Open educational resources (OER) offer a practical, workable solution to the challenges of educating outlying populations. Not being subject to traditional licensing restrictions, OER can be used, reused and adapted to suit the needs of a wide variety of learners and teachers in both conventional and open schools.
One of the priorities of the Commonwealth of Learning (COL) is to promote capacity-building in open schools in developing nations to bring educational opportunities to prospective learners, regardless of their circumstances. With this in mind, COL partnered with the William and Flora Hewlett Foundation to embark on the Open Educational Resources for Open Schools (OER4OS) Project.
Six countries — Botswana, Lesotho, Namibia, Seychelles, Trinidad and Tobago and Zambia — participated in this ambitious, ground-breaking project to train educators to create a bank of OER that could be used in both conventional and open schools by both school-age children and adult learners. Each country based its OER on its country curricula, but built in enough cultural and pedagogical flexibility to allow the OER to be used and adapted by other countries — epitomising the essence of OER. In addition, the training equipped the participants with the knowledge and skills to train current and future colleagues, thus contributing to the sustainability of the OER.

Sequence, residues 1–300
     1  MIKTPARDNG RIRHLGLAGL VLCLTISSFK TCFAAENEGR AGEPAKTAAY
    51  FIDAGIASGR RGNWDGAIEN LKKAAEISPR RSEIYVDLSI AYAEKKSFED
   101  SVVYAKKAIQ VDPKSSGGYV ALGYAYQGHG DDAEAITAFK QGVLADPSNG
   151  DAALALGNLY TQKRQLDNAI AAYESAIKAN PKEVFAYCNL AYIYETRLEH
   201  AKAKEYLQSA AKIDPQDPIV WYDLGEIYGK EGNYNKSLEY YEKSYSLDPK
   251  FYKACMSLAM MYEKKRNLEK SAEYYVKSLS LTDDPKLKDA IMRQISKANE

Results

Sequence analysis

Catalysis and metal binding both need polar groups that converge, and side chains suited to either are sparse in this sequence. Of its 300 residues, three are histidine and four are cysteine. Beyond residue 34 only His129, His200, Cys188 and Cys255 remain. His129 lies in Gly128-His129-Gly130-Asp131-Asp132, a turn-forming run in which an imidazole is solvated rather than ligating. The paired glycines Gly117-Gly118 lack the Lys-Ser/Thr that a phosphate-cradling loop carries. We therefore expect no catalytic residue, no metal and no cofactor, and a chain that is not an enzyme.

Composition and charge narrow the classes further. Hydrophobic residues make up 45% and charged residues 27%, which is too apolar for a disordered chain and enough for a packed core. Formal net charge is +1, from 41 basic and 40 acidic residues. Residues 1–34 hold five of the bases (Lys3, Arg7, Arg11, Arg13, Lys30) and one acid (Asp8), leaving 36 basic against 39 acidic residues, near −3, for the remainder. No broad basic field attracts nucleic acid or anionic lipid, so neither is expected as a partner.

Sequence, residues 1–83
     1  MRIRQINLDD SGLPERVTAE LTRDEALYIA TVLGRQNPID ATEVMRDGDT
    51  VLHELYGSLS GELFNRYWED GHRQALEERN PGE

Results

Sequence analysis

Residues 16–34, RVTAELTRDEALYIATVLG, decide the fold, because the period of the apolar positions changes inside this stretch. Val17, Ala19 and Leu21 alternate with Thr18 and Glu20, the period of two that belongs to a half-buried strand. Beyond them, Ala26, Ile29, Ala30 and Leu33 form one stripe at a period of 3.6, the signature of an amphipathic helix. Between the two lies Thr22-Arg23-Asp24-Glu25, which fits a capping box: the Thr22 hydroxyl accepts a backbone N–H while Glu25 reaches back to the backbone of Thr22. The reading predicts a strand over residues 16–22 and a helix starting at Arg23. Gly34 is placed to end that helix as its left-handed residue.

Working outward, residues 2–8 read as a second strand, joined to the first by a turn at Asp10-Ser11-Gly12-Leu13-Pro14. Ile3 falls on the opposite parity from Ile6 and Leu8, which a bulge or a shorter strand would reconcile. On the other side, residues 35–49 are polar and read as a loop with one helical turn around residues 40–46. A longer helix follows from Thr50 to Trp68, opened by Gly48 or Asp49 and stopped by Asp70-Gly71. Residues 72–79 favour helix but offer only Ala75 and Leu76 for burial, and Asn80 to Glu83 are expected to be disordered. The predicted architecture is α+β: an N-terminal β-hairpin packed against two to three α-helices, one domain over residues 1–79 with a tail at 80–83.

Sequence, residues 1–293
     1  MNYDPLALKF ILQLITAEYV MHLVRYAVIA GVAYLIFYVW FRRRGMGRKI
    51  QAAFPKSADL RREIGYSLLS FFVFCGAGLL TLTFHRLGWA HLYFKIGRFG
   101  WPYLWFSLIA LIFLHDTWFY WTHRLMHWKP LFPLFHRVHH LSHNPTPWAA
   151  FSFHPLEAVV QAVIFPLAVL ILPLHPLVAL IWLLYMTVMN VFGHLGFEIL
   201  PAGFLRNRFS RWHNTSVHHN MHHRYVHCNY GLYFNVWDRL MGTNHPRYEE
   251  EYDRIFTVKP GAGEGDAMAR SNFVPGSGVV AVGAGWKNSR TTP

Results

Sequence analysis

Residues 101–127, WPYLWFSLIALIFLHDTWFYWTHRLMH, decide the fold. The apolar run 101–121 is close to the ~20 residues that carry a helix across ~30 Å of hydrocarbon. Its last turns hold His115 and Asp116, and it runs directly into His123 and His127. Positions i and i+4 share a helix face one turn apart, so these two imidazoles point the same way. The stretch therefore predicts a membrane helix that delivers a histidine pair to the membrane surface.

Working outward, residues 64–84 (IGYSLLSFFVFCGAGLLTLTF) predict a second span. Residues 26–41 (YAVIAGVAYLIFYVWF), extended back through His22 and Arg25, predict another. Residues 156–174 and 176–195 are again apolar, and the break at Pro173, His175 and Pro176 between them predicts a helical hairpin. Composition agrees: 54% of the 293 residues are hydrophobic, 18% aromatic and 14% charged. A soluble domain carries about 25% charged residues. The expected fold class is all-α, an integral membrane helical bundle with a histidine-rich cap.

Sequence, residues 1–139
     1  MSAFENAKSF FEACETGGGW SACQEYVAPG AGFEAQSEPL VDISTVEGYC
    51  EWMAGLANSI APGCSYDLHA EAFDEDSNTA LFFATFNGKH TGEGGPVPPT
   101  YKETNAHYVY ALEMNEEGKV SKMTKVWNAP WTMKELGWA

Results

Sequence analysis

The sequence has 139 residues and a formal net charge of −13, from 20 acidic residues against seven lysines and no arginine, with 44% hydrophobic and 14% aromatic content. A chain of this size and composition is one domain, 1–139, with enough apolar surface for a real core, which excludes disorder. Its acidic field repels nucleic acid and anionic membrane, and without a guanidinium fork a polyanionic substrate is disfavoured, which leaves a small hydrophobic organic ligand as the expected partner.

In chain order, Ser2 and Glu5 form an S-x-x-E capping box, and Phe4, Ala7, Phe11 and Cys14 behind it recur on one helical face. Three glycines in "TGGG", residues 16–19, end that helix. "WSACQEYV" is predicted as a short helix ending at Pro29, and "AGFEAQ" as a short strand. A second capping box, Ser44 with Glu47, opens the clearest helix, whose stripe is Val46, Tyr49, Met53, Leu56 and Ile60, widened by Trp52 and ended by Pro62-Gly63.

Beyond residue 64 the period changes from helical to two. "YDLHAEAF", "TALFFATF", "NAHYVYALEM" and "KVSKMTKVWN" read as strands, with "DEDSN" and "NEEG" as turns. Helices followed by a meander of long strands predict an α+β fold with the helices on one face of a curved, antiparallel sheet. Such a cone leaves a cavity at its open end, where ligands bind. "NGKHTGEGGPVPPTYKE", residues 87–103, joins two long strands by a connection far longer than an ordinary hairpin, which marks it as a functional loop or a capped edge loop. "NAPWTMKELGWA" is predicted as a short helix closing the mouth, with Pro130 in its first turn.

The project presented many challenges — technical, personal and logistical — for the participants and these are discussed openly and honestly in the country reports. It also brought a real sense of professional and personal achievement, and those who participated can be proud of their contribution to the development of OER for open and distance education. If we can continue to develop and maintain OER, we can continue to educate and to open doors.
This book is an important landmark in how OER can be developed and embedded in local contexts, using indigenous capacities and available technologies. Most discussions have focused on OER in higher education, whereas this book provides us with valuable insights into how OER can be harnessed for the rapidly expanding secondary education sector.